For years, a dilapidated structure has sat on a triangular patch of land on Indianapolis’ northeast side. The property bound by Binford Blvd, Allisonville Road and 45th street named Keystone Towers is a structure which for all intents and purposes, has turned into an eyesore. It is abandoned, behind on property taxes, vermin infested and rumored to be deteriorating on the interior portions. It is covered in graphitti, and also rumored to be home to many squatters.
Recently, local media announced that the city had taken over posession of the property and the most popular rumor is that this place will be demolished, and the land offered up via RFQ by the city for redevelopment. Local discussion forums have already erupted arguing the merits of tearing the place down and starting fresh, to rehabilitating the standing structure
I have included a site plan of the area with the two towers lined in red and the property itself marked in green. Binford Blvd is basically a limited access highway to the east and not worthy of any sort of driveway leaving Allisonville Road as the primary entrance route and 45th street as a secondary entrance.
So…. if you had a say, what would YOU do with this site?
Years ago, a construction project brought some of the first bike lanes to Indianapolis on 52nd street in midtown Indianapolis. The reconstruction stretched from Keystone Ave on its eastern-most point and ended at the Monon Trail on the west end. With this reconstruction came the addition of a bike lane in both the eastbound and westbound shoulder, abutting the sidewalk. The project failed to address points west of the Monon, and what resulted was a divide in the landscape with the west side appearing as a bombed out and depleted looking stretch of street from the Monon to College Ave.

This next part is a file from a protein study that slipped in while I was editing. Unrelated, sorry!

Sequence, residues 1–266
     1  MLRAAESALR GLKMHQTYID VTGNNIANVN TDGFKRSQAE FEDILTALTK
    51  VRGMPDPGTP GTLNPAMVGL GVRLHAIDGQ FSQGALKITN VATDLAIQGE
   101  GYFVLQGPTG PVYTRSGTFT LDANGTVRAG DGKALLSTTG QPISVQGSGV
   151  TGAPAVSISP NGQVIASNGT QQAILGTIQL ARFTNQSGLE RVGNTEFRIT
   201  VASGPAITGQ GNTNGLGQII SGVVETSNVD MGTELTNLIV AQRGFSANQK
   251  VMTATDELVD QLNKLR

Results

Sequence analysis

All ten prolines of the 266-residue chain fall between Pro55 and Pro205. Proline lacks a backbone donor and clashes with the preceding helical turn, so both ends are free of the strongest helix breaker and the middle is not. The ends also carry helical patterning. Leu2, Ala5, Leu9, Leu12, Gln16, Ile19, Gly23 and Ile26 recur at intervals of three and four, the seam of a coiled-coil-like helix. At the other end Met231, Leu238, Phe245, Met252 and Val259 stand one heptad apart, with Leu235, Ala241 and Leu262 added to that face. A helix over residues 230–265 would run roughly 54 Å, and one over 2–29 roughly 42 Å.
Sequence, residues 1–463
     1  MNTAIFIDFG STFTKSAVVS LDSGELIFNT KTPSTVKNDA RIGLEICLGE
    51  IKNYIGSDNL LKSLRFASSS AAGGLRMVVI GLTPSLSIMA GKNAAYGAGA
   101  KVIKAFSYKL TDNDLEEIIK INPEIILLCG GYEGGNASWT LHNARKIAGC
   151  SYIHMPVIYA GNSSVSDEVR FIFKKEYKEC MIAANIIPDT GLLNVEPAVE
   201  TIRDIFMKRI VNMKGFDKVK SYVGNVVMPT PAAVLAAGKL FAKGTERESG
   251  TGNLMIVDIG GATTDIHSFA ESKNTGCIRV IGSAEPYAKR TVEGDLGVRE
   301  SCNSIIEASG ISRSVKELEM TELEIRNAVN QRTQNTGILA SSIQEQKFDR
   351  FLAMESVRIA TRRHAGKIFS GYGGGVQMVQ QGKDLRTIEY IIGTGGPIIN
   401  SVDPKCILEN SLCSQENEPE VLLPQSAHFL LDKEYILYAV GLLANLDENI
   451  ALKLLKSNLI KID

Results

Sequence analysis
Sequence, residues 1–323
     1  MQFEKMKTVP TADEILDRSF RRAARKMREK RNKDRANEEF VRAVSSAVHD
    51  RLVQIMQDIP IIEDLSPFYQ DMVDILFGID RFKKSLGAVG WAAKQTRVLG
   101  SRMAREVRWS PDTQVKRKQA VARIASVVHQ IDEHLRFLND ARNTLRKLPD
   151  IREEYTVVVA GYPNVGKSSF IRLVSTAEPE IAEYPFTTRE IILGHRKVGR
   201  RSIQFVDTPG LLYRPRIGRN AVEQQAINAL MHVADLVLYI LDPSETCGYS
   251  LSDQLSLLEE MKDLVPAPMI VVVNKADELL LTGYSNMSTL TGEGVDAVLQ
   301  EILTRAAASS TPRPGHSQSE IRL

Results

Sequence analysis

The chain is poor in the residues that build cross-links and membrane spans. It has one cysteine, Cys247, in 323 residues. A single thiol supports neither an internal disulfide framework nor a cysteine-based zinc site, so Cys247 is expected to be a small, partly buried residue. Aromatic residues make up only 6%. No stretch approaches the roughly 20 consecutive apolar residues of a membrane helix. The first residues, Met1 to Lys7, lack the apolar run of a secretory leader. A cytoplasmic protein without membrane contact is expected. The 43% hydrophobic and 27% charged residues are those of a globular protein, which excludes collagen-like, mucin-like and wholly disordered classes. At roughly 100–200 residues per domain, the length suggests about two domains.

This summer, budgets finally opened up enough to continue what was started east of the Monon on 52nd street. The reconstruction of 52nd street from the Monon to College Ave and the continuation of the bike lanes all the way to College Ave. The realization of this accomplishment may not have came to fruition however. In early July 2010, road demolition crews made their way to 52nd street and started to eat up the pavement. Details on-site indicated the obvious road reconstruction coming, but neglected to address bike lanes; something that has been added to the Indianapolis Bike Plan for the next 2-5 years.
A viral campaign was mounted by Indy Hostel shortly thereafter that started out as a simple inquiry to anyone who would listen including local neighborhood associations. It quickly grew to an online petition and reached the ears of the IndyCog who, through their connections to the Indianapolis DPW’s Andy Lutz, insured that the bike lane extensions to College Avenue will in fact be laid.
What this displayed was a community’s desire for the right thing to happen instead of mindless road paving as has been the history of Indianapolis. The petition was started mostly regarding the absence of bike lanes, but it also addresses the awful looking sidewalks and the utility poles that randomly jut out of the sidewalk. In the long term, it would be nice to see the utilities relocated. To be sure, this an amazingly expensive task and while the outcome is a nice looking street with safer sidewalks, it is not likely to happen in cash-strapped Indy anytime soon.
We will continue to keep you posted as the final layers of pavement are laid, and striping begins later this summer.